During the coronavirus pandemic, there’s a lot less time to have face-to-face conversations with your employees, so they can sometimes feel disconnected. This is a chance to interact with them in real time, while also making sure everyone is on the same page.
54% of remote workers in 2019 (before COVID-19) felt disconnected from the company. That number has probably increased. Q&A sessions ensure that you can make those personal connections with employees and teams. They’ll appreciate you taking the time to answer their questions and concerns in such a direct and personal way.
When Should You Host a Live Q&A Session?
While having online meetings is important in times where face-to-face discussions and meetings can’t happen, it’s still important to limit the amount of meetings you have. A study by the Harvard Business Review revealed that 65% of managers felt that meetings kept them from completing their own work. 71% said meetings are unproductive and 64% said meetings “come at the expense of deep thinking.”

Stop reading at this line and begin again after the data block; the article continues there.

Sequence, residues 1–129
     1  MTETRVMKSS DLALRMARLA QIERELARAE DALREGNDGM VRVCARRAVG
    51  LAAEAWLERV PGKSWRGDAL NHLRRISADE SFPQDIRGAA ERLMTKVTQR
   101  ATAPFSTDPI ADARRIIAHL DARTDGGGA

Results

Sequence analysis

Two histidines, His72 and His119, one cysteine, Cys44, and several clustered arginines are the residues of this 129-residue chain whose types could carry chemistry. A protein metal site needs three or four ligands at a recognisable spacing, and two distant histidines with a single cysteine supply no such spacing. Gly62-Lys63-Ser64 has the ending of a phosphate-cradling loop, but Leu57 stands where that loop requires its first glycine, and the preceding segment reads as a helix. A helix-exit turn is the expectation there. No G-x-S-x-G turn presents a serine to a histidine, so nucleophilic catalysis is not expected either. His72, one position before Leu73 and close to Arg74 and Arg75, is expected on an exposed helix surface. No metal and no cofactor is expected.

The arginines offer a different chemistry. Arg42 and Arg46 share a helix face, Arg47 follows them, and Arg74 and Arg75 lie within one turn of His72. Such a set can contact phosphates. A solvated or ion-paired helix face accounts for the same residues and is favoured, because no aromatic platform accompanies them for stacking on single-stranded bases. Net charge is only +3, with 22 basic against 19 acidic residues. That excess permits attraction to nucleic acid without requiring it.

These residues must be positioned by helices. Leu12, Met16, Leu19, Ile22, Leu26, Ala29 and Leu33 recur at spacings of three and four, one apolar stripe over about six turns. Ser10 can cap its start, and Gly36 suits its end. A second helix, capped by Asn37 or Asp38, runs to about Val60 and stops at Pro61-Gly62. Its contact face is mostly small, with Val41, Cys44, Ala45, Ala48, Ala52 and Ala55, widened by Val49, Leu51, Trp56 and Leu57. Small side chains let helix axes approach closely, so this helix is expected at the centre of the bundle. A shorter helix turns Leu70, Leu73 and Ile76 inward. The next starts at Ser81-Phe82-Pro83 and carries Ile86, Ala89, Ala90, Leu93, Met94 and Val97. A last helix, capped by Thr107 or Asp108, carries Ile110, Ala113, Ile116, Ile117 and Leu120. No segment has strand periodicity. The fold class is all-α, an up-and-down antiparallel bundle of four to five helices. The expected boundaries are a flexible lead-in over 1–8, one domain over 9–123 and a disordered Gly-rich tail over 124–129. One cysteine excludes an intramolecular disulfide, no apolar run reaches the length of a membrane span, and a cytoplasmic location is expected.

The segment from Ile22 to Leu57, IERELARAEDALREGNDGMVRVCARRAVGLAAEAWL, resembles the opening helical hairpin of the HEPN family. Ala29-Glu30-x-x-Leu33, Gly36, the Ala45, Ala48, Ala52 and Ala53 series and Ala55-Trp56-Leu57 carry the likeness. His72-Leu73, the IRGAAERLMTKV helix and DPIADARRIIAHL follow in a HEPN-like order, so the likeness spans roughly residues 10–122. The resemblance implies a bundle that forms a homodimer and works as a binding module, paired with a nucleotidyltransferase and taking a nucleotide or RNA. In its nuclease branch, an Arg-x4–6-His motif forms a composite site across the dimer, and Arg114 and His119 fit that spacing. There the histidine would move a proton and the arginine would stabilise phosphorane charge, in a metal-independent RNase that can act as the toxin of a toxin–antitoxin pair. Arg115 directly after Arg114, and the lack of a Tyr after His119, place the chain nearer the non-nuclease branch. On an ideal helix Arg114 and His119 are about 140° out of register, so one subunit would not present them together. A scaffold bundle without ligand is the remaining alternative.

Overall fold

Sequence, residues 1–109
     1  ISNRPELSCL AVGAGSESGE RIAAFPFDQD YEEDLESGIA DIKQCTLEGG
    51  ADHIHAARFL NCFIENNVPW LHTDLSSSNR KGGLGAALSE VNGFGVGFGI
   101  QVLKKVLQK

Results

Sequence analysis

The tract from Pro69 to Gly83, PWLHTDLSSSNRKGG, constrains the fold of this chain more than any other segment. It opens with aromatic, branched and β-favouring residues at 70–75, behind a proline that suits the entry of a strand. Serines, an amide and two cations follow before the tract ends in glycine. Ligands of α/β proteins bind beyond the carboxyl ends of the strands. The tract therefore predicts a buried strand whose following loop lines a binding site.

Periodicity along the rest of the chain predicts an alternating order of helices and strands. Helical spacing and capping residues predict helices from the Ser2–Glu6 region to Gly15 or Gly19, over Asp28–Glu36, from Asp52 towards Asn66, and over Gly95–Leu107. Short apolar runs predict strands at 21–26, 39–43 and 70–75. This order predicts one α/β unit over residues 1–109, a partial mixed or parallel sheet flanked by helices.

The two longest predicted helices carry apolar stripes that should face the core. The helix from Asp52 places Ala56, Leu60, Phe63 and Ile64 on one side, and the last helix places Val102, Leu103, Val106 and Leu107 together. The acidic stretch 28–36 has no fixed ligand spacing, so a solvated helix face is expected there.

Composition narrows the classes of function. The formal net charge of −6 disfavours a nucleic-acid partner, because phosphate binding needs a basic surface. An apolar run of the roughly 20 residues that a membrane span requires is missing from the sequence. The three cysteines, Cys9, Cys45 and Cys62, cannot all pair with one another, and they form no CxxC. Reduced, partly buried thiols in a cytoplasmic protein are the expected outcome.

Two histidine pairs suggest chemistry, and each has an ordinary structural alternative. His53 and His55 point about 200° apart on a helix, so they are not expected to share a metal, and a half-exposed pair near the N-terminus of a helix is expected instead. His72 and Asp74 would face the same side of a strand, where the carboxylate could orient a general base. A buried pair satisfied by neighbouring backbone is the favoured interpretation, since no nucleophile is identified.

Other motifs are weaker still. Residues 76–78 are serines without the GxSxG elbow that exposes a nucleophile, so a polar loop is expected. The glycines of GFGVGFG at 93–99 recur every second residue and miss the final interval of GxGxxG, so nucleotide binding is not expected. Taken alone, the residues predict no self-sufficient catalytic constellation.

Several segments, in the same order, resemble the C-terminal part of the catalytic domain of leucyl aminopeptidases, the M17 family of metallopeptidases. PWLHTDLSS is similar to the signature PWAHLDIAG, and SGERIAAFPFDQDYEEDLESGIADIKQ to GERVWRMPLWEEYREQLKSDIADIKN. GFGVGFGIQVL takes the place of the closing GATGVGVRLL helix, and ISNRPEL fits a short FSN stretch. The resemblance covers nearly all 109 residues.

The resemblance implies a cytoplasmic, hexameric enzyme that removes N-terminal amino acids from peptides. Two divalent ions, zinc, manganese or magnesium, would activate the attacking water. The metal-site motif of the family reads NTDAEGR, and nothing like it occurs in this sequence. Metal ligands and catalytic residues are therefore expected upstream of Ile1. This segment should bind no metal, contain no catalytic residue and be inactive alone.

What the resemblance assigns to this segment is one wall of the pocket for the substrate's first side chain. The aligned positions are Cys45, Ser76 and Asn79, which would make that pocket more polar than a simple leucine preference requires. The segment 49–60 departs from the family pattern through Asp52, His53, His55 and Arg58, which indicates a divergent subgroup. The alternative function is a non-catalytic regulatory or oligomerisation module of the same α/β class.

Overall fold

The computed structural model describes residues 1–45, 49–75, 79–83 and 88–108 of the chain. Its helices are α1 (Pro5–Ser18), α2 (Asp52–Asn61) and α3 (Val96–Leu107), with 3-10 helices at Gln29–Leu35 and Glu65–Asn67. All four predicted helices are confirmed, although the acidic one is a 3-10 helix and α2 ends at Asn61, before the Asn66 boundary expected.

Perhaps even more important, 62% of managers felt that meetings miss opportunities to bring teams closer together. So while meetings shouldn’t take over your work week, the meetings you DO have should focus on building teams up and connecting everyone. That’s why Q&As are so important — and that’s why every meeting should end with a Q&A session.
Time of Day
When hosting a Q&A session, you obviously want to pick the most optimal time in order to have the most people present. But the best time is different for everyone. The best thing to do is to ask the employees participating in the meeting what time of day works best for them. Find out when they are most productive and let them work during those times if possible. A recent study found that employees are their most productive in the mornings during the first few days of the week. So it might be best to hold off your meeting until afternoon on Wednesday, using the Q&A as a mid-week check-in.
How to Prepare for a Q&A Session
Planning and leading a Q&A session is harder than you might think. Here are a few quick tips on how to host a live Q&A session successfully:
- Practice ahead of time: Practice receiving and answering questions on the spot. Understand how to thank someone for a great question and if you can manage it in a live session, refer to them by name in your answer.
- Consider possible questions: Consider questions you’re likely to receive so that you can brainstorm around the best answers. Confident and succinct answers can go a long way. Remember to stay brief when you respond – don’t let your answer turn into a speech.